Multimillionaire Bill Pickard’s new book points young entrepreneurs to destiny

Bill Pickard (Courtesy)
Bill Pickard (Courtesy)

William F. Pickard, Ph.D. is chairman of Global Automotive Alliance, co-managing partner of MGM Grand Detroit Casino, CEO of Bearwood Management Company and co-owner of five Black-owned newspapers. A first meeting with the multi-titled multimillionaire is a breath of fresh air. He’s quite witty, disarming and very faithful. He shares without hesitation, he didn’t get this far in career and life without his faith.

According to his bio, Dr. Pickard’s 45-year entrepreneurial career first began as a McDonald’s franchisee in Detroit. Later in 1989, he founded an automotive manufacturing company and grew it into Global Automotive Alliance (GAA), a conglomerate of logistics and manufacturing companies with more than $1.5B in sales and eight plants in the United States and Canada. GAA currently services corporations such as Boeing, Mercedes-Benz, Ford, General Motors, Chrysler, Delphi, Johnson Controls, Starbucks, Home Depot and Merck Pharmaceuticals.

Pickard recently made a $1M pledge to the new National Museum of African American History and Culture in Washington, D.C.

He’s also engendering a new generation of entrepreneurs with his new book Millionaire Moves – Seven Proven Principles of Entrepreneurship which highlights vision/attitude, opportunity, relationships, talent/skill set, finance, failure and faith.

The book is a “relevant and riveting” look at his professional journey where he outlines the highs and lows as well as lessons learned from his uncle who was a bookie, colleagues who had his back and even his competitors.

See his interview below.

Why did you write the book?
I am a social worker by training. My first job was in social work at the Urban League in Cleveland and I worked with youth. I’ve always had an interest in education and young people. I was teaching at the University of Michigan School of Business and taught a class on entrepreneurship for 10 years. Over that time, I [experimented with topics] in the curriculum and lesson plan and these seven principles emerged. Once I did it, God stepped in – my mother passed away. As an only child, it was traumatic. I went to Alabama State and taught for two years. I never attended an HBCU or been on a Black college campus — at that time. I was heartened by the two extremes of students I met. Those who could compete at Michigan or Harvard and those who were like me, needed a little bit more help and encouragement. I take great pride in the fact that I went to a community college for three years. I wasn’t “traditional college material.” While at Alabama, I started working on this book and thinking about this student population and that’s how it evolved.

How did you evolve from being a social worker and teacher to become an entrepreneur yourself?
There is a God. I was a great social worker. I love social work, working with young people and working in the community. I worked in the NAACP for a couple of years. I had an opportunity to earn my Ph.D. I thought I would get a Ph.D., become a professor and get a barbecue joint on the side. I knew I wouldn’t be poor all my life. My grandfather believed in two-armed living. In other words, my uncles were school teachers. One was a wood shop teacher who on the side did cabinet making and walls. He had a side hustle. I thought I’d be a professor and have me a little business on the side. During that time, God stepped in and a McDonald’s became available to me. I was among the top 10 Blacks in America to have a McDonald’s franchise. That’s God. That’s Grace, that’s all it is.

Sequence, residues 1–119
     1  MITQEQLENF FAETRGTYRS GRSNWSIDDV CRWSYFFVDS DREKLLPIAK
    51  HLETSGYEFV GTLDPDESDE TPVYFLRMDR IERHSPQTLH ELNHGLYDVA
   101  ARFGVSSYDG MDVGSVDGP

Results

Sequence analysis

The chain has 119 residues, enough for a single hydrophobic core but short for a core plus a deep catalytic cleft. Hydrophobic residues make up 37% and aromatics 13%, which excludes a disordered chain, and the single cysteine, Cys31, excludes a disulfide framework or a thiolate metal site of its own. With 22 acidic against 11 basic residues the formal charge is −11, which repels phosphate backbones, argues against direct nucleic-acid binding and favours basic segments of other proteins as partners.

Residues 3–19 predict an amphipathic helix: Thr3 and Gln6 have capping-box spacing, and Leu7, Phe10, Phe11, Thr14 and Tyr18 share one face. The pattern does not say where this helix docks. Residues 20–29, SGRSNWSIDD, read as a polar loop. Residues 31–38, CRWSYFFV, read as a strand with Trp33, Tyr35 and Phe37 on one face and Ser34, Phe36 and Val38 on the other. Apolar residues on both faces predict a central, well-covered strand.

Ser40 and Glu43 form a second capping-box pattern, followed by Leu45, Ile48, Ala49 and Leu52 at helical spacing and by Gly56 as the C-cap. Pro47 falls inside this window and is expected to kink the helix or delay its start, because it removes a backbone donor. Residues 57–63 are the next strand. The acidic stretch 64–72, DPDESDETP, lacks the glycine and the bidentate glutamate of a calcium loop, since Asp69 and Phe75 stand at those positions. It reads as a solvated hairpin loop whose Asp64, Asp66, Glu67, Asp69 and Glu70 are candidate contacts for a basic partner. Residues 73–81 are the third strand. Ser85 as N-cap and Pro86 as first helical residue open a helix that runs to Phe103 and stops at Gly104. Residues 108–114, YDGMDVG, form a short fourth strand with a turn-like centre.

How does your journey inform the principles in the book and keep your vision to produce this book at the forefront?
I always taught part-time somewhere, almost every semester. Teaching … I love young people. At McDonald’s whether you have a 17-year-old stealing your french fries, they keep you young, teaching you the latest dances the night before events like the Alpha ball or something like that. Education was a natural transition. Once I owned a few McDonald’s franchises, I got into automotive and then into casinos. There’s a Chinese proverb that says as one eats, the appetite becomes wetter. The more you consume, the more you have a passion and capacity to consume more. Once I knew how to do it, I could do it in my sleep because I learned people. You have to get everything done through other people; that was my gift. The real genius of my blessing is that when I left McDonald’s, I only had five restaurants. Yet, I ended up with 12. I believe strongly that God will order your steps. There is another force that orders our lives. If you will just listen and be still sometimes, it will unfold.

You developed those seven principles in your book early in your career. How are they relevant to today’s young entrepreneurs and millennials?
Excellent question. Is the Bible as relevant today as it was a zillion years ago? The Bible says without vision, the people shall perish. You will never be what you cannot see. I believe that your mind has the capacity to unfold what you visualize and what you verbalize. If you tell yourself negative things all day, you’re in for a long day. It sounds like pop psychology, but I believe in it. A great thing about the Internet is today, people can see all kinds of stuff. In my generation, we could see ourselves becoming a preacher, a teacher or a social worker because that’s all we saw with the exception of the pimp, the drug and numbers man. Look at Misty Copeland, my god, how did she become Misty Copeland when she only saw white ballerinas. There’s the gymnast, Simone Biles. How do you explain this?

If you asked me the most important of the seven principles in the book, I would say vision and attitude.

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